This short story exposes some of the difficulties in relying on our health care system for the correction of psychological disorders, in this case claustrophobia and its related anxiety and panic. It does so by relating one person’s unsuccessful journey to find a treatment. More
The pursuit of a remedy for a physical injury or disability is usually straight forward. The injury is a visible and quantifiable thing that many times suggests its own solution. Psychological disorders present a more difficult problem. The manifestation of the disorder is invisible, usually within the patient’s brain. As such, it is much more difficult to diagnose and treat and much harder for the patient to contend with.
At the time one needs a clear mind to function and make decisions, the affliction itself interferes with that process. My anxiety and panic were such instances triggered by a bout of claustrophobia. This story does not propose solutions, but by recounting my unsuccessful attempts at seeking treatment, it is hoped that the medical professions can improve the dispensing of care for this debilitating disorder. Furthermore, it might give some insight to others similarly afflicted on how to contend with their own disability.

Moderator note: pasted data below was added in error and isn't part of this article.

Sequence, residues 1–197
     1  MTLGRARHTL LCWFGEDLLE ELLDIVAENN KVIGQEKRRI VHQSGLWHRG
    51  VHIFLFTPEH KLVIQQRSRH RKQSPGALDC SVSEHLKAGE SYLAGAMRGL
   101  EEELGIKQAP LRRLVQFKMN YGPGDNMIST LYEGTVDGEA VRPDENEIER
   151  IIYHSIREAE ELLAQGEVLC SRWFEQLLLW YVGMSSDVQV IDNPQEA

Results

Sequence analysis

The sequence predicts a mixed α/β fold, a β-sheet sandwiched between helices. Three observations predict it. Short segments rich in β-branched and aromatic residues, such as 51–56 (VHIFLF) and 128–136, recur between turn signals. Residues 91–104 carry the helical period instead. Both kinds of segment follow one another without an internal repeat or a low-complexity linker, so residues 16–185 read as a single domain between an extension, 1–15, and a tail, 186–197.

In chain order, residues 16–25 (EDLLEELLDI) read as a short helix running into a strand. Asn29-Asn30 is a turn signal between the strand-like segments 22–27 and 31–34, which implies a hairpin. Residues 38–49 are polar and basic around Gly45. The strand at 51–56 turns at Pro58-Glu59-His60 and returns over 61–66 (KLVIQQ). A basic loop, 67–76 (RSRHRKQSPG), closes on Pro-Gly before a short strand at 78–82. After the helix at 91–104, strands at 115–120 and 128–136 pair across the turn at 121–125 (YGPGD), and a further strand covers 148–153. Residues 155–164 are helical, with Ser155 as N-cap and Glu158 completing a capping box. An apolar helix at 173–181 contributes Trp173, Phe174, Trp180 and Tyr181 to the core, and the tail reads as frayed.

Joseph Badame is a retired architect living in New Jersey. He is spending his remaining years working on projects to honor his late wife who was a master teacher. This book is one of his endeavors to pay tribute to her memory.